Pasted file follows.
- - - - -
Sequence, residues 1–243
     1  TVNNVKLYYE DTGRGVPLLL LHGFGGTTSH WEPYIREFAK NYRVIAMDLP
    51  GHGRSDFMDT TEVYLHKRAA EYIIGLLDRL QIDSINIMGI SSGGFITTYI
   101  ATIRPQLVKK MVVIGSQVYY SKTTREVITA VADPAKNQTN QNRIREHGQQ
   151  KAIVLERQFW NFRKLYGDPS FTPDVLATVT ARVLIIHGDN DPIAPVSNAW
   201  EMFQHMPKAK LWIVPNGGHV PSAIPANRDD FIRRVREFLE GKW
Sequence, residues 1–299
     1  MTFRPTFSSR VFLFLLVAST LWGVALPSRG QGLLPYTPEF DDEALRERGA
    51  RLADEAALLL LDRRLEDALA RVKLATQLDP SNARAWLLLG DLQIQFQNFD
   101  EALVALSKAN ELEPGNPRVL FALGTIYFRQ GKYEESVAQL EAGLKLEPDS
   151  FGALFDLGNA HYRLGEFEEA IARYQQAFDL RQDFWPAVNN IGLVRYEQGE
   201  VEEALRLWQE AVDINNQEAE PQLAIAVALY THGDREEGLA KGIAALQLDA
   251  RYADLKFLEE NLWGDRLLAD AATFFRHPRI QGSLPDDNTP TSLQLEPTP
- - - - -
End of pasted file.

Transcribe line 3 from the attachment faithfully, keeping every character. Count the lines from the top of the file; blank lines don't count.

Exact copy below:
    51  GHGRSDFMDT TEVYLHKRAA EYIIGLLDRL QIDSINIMGI SSGGFITTYI